• NeurIPS anticipates hosting 13,500 attendees this year, which is up 800 percent from 2012.
  • More than 21 percent of computer science PhDs choose to specialize in AI.
  • Nearly 10 percent of global private investment went into autonomous vehicles, amounting to $7.7 billion. - THE VERGE

The Stanford AI Report released this week is a fascinating read.  But one of the things that jumped out at me is that when computers learn to beat humans at various games, they do it by playing many lifetimes worth of games in a very short period of time.  They have to play many more games than humans do to acheive the same level of competency.  Right now, we are primarily focused on how to make computers as good as humans at various tasks, but they do it so inefficiently, it may not be "learning" the same way we humans do it.

An interesting metric to track for AI would be the 'human learning equivalent.'  So, instead of saying that a certain ML model can acheive human performance on a task after being trained for the human-year equivalent of thousands of years, it would be great to focus on keeping that overal performance benchmark static, and pushing the training equivalent forward instead.  For example, if humans score 95% on an image classification task, and we get a machine learning model that performs just as well, instead of pushing the model to 96% performance, we should focus on how to get it to the same 95% level of performance with less data and faster training cycles.  While there is some work being done on these kinds of things, it doesn't seem to get nearly as much interest in the AI community as it should.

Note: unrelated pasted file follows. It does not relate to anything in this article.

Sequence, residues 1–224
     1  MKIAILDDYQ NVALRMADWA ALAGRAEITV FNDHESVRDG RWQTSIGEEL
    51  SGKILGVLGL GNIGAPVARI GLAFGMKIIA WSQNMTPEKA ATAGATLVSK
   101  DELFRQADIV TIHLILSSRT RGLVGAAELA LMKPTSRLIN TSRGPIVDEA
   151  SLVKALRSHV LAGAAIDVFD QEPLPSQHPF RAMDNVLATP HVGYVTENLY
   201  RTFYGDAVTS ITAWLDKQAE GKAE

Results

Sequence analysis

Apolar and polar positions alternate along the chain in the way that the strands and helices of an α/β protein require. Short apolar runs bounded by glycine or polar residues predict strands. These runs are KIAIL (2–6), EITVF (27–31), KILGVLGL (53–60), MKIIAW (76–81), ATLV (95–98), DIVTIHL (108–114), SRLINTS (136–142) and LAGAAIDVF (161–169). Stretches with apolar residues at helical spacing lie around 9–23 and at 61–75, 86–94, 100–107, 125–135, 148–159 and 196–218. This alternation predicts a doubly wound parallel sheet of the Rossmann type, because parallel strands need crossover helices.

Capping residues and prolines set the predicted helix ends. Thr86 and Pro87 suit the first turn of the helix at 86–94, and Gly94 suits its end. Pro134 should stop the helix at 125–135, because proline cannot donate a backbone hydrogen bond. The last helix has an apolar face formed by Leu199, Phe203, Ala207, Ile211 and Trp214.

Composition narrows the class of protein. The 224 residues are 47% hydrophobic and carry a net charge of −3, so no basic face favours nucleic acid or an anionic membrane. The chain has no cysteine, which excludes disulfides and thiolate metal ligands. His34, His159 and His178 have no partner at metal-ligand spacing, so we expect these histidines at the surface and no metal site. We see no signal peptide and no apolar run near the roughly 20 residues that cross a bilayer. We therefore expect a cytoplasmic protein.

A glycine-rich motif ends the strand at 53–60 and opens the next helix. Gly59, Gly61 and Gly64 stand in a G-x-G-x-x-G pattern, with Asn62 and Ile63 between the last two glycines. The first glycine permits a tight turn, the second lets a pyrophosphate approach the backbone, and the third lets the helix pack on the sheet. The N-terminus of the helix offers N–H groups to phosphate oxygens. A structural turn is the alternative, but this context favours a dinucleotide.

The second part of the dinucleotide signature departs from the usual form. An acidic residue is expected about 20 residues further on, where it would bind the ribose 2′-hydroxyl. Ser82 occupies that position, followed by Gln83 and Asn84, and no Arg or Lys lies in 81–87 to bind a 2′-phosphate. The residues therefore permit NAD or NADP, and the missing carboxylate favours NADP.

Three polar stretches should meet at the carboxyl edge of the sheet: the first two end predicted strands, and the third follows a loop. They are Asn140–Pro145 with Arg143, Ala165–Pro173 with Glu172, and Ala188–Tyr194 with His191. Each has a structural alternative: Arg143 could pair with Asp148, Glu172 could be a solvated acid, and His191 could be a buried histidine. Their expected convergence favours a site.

Focusing on how efficiently machines learn would also help as we understand that sometimes two humans learn the same thing a bit differently or a bit quick/slower than others.  Is that because learning is somewhat path dependent, and if so, will it be the same in machines?  Are human learning differences between two people due to pure neurological processing power?  Starting to tease that apart and understand it for both humans and machines will be important as we try to train machines for an increased variety of tasks.

Thanks for reading.

@robmay